The Court instructs the jury that each person present at the time, and consenting to and encouraging the commission of a crime, and knowingly, willfully and feloniously doing any act which is an element of the crime or immediately connected with it, or leading to its commission, is as much a principal as if he had with his own hand committed the whole offense. In this case, the State has charged that these defendants aided and abetted one another in the commission of the crime charged. Aiding and abetting requires some participation in the criminal act and may be evidenced by word, overt act or deed. In order to be found guilty as aiders and abetters of a crime, those Defendants charged as aiders and abetters must possess the same intent as the person principally committing the crime charged. If you believe from the evidence, beyond a reasonable doubt, that the defendants, Jamario Brady, Anthony Sneed, Anthony Smith, Thomas German and Johnny Bickham, or any one of them, did willfully, knowingly, unlawfully and feloniously do any act which is an element of the crime of murder or manslaughter as you so find, immediately connected with such crime, or leading to its commission, and that such defendant or defendants shared the same intent as the person principally committing the crime, then and in that event you should find such defendant or defendants guilty of murder of manslaughter, as you so find.
(SCR vol. 1, 113).
Initially, the Mississippi Court of Appeals determined that Petitioner was procedurally barred from raising a challenge to jury instructions for the first time on appeal. Sneed, 31 So.3d at 44. Generally, "[w]hen a state court declines to hear a prisoner's federal claims because the prisoner failed to fulfill a state procedural requirement, federal habeas is generally barred if the state procedural rule is independent and adequate to support the judgment." Sayre v. Anderson, 238 F.3d 631, 634 (5th Cir. 2001) (citing Coleman v. Thompson, 501 U.S. 722 (1991)). In order to obtain review of his claim, Petitioner bears the burden of showing that the State did not strictly or regularly follow a procedural bar around the time of his appeal and must demonstrate that the State has failed to apply the procedural bar rule to identical or similar claims. See Smith v. Black, 970 F.2d 1383, 1386 (5th Cir. 1992). The Fifth Circuit has held that the bar imposed for failure to object at trial, i.e. the contemporaneous objection rule, is regularly and consistently applied by the Mississippi State courts. Id. at 1387. Petitioner has not proved an "inconsistent and irregular" application of the procedural bar imposed in this case. Stokes v. Anderson, 123 F.3d 858, 861 (5th Cir. 1997)
Petitioner can obtain federal habeas review of a claim defaulted in State court only by demonstrating cause for the default and actual prejudice as a result, or that failure to consider the claim would result in a fundamental miscarriage of justice. Coleman v. Thompson, 501 U.S. 722, 750 (1991). "Cause" in this context is something external to the petitioner that cannot be fairly attributed to him. Id. at 753 (emphasis in original). While attorney error may constitute "cause" in some instances, attorney error that is not constitutionally ineffective will not excuse a procedural default. Murray v. Carrier, 477 U.S. 478, 488 (1986). However, Petitioner would have to raise and exhaust a claim of ineffective assistance of counsel in State court as to this instruction in order to argue attorney error as cause to overstep the procedural default. See, e.g., Edwards v. Carpenter, 529 U.S. 446, 452 (2000). Prior to his federal habeas petition, Petitioner did not argue attorney error with regard to the grant of Jury Instruction C-16. ( See ECF No. 14-9, pp. 8-10, Pet.'s "Motion for Post Conviction Relief"). Therefore, attorney error cannot demonstrate "cause" for the default. Because Petitioner fails to demonstrate cause, the Court need not question whether there is prejudice. See Martin v. Maxey, 98 F.3d 844, 849 (5th Cir. 1996).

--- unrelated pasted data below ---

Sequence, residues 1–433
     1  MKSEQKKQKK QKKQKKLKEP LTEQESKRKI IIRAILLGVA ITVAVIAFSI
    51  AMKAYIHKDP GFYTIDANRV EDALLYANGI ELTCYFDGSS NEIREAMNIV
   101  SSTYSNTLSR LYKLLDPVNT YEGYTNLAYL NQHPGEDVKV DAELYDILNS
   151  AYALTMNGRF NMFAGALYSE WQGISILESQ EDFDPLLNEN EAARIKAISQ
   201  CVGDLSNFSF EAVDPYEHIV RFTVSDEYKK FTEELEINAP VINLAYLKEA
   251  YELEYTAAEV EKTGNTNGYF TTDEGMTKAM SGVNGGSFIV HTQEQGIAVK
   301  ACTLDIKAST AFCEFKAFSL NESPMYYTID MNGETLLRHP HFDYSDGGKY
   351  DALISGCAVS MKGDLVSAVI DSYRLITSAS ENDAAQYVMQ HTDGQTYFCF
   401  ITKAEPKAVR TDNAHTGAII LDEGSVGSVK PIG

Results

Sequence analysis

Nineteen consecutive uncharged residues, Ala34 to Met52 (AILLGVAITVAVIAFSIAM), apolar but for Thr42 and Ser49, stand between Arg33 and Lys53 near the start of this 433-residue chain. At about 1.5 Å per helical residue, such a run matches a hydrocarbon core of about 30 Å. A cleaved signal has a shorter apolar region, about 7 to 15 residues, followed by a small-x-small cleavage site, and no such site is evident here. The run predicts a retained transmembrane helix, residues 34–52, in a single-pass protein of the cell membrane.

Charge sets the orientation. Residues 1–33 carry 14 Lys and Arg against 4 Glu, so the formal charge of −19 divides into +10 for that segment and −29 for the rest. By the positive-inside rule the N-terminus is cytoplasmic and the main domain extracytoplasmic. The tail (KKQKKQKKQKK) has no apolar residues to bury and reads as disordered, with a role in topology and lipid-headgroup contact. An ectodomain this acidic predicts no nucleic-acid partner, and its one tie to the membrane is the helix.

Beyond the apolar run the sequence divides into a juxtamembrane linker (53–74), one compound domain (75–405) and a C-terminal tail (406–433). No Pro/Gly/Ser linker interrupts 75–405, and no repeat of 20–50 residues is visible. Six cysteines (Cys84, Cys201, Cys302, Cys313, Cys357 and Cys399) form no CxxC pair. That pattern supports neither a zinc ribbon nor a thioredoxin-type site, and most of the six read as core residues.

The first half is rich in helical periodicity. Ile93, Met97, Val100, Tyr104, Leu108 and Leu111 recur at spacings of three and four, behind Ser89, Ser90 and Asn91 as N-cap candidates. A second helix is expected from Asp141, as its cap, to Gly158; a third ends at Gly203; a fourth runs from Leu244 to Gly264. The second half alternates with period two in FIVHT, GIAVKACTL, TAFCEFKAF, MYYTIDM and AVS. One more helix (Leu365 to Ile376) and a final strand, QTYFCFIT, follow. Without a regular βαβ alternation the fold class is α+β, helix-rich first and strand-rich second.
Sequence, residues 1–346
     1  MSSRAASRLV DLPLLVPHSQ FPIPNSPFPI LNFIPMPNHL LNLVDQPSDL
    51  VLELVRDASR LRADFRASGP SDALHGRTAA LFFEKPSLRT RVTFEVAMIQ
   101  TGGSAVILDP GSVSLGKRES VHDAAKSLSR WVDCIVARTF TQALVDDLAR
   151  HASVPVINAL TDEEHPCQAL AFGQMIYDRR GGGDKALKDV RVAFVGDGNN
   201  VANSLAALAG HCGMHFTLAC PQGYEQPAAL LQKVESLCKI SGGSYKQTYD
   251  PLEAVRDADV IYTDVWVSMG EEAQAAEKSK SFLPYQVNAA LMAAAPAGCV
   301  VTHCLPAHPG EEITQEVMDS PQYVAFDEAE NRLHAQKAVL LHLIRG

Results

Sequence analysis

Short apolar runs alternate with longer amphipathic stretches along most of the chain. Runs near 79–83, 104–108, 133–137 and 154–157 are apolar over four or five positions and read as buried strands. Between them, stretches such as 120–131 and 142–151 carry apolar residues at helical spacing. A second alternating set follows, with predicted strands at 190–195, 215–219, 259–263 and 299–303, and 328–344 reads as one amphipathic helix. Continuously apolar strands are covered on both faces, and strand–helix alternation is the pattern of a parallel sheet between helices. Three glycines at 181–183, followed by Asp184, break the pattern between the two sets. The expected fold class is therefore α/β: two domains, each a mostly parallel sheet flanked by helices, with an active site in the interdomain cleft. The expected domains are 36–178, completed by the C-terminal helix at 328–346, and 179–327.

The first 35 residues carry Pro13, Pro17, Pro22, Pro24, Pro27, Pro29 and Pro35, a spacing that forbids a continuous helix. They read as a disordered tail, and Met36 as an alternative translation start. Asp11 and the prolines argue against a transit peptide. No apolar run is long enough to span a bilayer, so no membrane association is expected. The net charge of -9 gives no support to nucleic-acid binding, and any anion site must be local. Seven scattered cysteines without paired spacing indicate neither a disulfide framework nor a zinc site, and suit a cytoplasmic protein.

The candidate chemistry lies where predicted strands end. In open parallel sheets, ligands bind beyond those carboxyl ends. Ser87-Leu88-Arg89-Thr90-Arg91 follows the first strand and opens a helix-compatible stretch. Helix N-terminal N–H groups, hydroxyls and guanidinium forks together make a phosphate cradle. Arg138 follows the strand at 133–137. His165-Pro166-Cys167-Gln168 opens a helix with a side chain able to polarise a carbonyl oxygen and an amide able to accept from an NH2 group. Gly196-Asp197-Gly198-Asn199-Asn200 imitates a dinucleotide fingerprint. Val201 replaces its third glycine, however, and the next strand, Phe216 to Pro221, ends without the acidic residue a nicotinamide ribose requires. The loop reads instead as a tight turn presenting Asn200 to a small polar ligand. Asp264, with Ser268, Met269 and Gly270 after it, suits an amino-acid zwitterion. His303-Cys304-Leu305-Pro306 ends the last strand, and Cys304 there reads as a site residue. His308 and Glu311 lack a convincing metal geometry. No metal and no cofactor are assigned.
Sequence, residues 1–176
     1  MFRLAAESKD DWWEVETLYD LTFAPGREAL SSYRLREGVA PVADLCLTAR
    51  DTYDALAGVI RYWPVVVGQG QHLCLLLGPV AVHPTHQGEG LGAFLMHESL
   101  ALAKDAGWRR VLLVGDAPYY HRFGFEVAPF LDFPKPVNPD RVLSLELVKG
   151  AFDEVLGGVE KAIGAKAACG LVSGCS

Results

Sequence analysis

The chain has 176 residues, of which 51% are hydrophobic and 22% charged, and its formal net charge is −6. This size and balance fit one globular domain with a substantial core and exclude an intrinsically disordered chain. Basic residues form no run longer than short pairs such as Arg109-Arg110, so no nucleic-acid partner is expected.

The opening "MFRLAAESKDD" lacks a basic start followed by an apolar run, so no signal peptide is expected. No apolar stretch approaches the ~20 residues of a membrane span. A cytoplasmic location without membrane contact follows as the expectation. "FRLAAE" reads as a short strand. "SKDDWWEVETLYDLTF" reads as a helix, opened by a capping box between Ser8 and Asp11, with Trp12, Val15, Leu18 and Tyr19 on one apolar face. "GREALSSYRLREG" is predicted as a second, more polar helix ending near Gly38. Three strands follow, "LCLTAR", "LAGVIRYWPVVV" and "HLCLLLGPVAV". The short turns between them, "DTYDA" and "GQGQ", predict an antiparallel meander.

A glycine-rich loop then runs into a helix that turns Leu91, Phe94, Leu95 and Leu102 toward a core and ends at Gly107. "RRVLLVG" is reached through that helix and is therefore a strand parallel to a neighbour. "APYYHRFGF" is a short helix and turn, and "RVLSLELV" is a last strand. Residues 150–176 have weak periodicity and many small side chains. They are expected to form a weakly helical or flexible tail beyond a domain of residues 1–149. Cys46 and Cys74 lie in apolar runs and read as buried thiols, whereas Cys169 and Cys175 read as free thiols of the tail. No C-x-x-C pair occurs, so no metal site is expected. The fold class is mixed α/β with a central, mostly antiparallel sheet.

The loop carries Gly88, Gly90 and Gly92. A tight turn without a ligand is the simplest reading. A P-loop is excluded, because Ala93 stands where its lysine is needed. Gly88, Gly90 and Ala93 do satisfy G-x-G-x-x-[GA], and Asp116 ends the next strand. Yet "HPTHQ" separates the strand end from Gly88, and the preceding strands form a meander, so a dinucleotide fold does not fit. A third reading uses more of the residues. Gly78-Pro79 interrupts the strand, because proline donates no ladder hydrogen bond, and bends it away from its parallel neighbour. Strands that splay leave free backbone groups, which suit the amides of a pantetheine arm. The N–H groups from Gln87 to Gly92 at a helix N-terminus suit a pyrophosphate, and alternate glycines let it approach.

Neither does Petitioner establish that failure to consider his claim would result in a fundamental miscarriage of justice. The "fundamental miscarriage of justice" exception is confined to cases of actual innocence where the petitioner shows, as a factual matter, that he did not commit the crime of conviction. Fairman v. Anderson, 188 F.3d 635, 644 (5th Cir. 1999) (citation and internal quotation marks omitted). A petitioner claiming this exception must present new, reliable evidence and show that it was "more likely than not that no reasonable juror would have convicted him in light of the new evidence." Id. (citation omitted). Petitioner has not identified any new, reliable evidence to support his claim. Therefore, he falls short of establishing that a fundamental miscarriage of justice will result if his challenges to Jury Instruction C-16 are not considered on their merits.
Without vitiating the bar, the Court notes that the State court alternatively discussed the merits of Petitioner's claim and found it to be without merit, as the instruction as read with all of the other instructions properly stated the law. Sneed, 31 So.3d at 46-47. Generally, challenges to jury instructions may not form a basis for federal habeas corpus relief. Gilmore v. Taylor, 508 U.S. 333, 344 (1993); Estelle v. McGuire, 502 U.S. 62, 71-72 (1991). Rather, habeas relief may be granted upon review of a challenged jury instruction only where "the ailing instruction by itself so infected the entire trial that the resulting conviction violates due process." Hughes v. Johnson, 191 F.3d 607, 627 (5th Cir. 1999) (citations omitted). In determining whether the instruction was applied in such a way as to violate the Constitution, it must be considered in the context of the instructions as a whole and the trial record. Id. at 627-28 (citation omitted). Even then, "there is a strong presumption that errors in jury instructions are subject to harmless-error analysis." Galvan v. Cockrell, 293 F.3d 760, 764-65 (5th Cir. 2002). A constitutional error is not harmless, for purposes of a habeas proceeding, "if it had substantial and injurious effect or influence in determining the jury's verdict.'" Id. (citing Brecht v. Abrahamson, 507 U.S. 619, 623-24 (1993)).